Reply:  The best I can suggest is to contact the National Personnel Records Center and the National Archives.  See the page on this website at for links that might be useful, including the NPRC and the enlistment records at the National Archives.  See also the article about the loss of many military records due to fire at

June 14, 2019

Request: Do you know if Charles E. Davis former member of AFEES has passed away and if so when? Thanks.  From Joe Motheral.

Response:  Unfortunately, I have no information on Charles E. Davis. There are a few references in AFEES’ indexes to either Charles L. Davis and Charles M. Davis but no Charles E. Davis. There was a reference to a Charles Davis, no middle initial, in Yugoslavia (AFEES newsletter of Sept. 1998, pg. 9O). There was no Charles E. Davis in the Member Database, only Charles L. and Charles M. And there was no Charles E. Davis in the main index to escape and evasion reports at the National Archives.

May 31, 2019

Request: I am looking for info on a Robert Beng father Albian de Beng Mother was Gaby de Beang grandmother Gardow my parent had him over to the UK after the war any info would be appreciated.  Susan Taylor.

Response: If you could provide more information as to in which bomb group or fighter group Robert Beng served, when and where he was shot down, and what sources you have already explored, then I might be able to better respond to your question. I checked the following sources for his name but found no mention of him: (1) the index to Evaders on this website, (2) the AFEES 2006 membership list, (3) the Atkinson list of evaders and their escape and evasion (E&E) number, and (4) the list of evaders on the Conscript Heroes website. I also did a search on the National Archives & Records Administration (NARA) index of E&E reports for the name Beng and Beang but did not find any report for him.

April 9, 2019

Request: Regarding WW2 “Helpers” a name missing from the list is a Dutch Helper; CORNELIS BRASZ the Dutch city of Enschede in the east of the country close to Germany. He is confirmed as aiding downed pilots and received certificates from U.K., USA and French authorities.  Signed Phil Froom

Response: The index to Helpers on this website is still under construction and, in any event, only lists the names of Helpers that have appeared in AFEES newsletters. There may not have been any reference to Mr. Brasz in any of the newsletters. Nevertheless, he was in important figure in the Smit-Van der Heijden Line. One of the line’s key contacts was Mr. Cornelis Brasz, then residing at Haaksbergerstraat 37, Enschede, next to the main police station. After the liberation he was residing at Emmastraat 111, Enschede. He was born in Enschede on 25.4.1899, married, and had two children, ages 7 and 19 in 1945. He was married to G.W. Brasz-Brasz. According to his file compiled by Headquarters, European Theatre of Operations, Military Intelligence Service, he gave food and shelter to about 15 Allied airmen. He transferred some of the airmen to his brother-in-law, Bertram Brasz, of Tilburg, a close friend of Karst Smit. In addition, it appears that he put Karst Smit in touch with Hendrik Jannink and his wife Joanna Jannink Bruyns, who also assisted Karst with the transport of airmen. Mr. Jannink was shot at Vught on 5 September 1944 but Mrs. Jannink survived the war. Cornelis Brasz is listed on the British index of Helpers at He also appears in the list of members of the Smit-Van der Heijden Line at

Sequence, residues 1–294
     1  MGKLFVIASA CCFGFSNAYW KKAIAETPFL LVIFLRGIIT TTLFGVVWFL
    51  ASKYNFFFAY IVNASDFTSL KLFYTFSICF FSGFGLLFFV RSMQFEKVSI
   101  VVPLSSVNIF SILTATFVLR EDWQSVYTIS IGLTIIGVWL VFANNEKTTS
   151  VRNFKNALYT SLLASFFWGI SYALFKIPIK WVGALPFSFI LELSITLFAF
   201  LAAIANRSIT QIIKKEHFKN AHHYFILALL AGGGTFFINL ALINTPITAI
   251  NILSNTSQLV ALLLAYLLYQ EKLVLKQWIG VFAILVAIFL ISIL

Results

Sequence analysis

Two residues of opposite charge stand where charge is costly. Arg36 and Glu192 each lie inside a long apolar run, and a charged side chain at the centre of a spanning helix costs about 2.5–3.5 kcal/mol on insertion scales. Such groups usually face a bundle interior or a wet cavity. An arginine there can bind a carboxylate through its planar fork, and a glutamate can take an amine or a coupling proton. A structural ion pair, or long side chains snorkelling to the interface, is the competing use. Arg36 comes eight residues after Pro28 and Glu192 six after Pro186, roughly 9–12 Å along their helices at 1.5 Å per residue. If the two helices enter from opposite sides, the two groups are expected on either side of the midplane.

March 27, 2019

Request: Jeanne Cresson (you write her name Jean, in an English way), who is in your list of HELPERS for France with her husband (died in 2009) Paul , is died on March 24.  She will be inhumated friday the 29 of March. It means in two days.
You can see her notice of dead in the newspaper La Voix du Nord of today.
She will be celebrate friday at 9.30 (morning) in Villeneuve d’Ascq (North of France) at St Sébastien christian church (place de la République, 59650 Villeneuve d’Ascq). After this, the family will receipt her friends at Ferme Petitprez, near of Cocteau road in Villeneuve d’Ascq (from 11.00 to 13.00). Then, at 14.30 she will be put in her family’s grabe in (62760) Pas-en-Artois, the village where the Cresson family hide Pat Brody and others soldiers of the Allied Air Forces.  Written in a difficult English by her son Dominique Cresson the 27 of March 2019.

March 20, 2019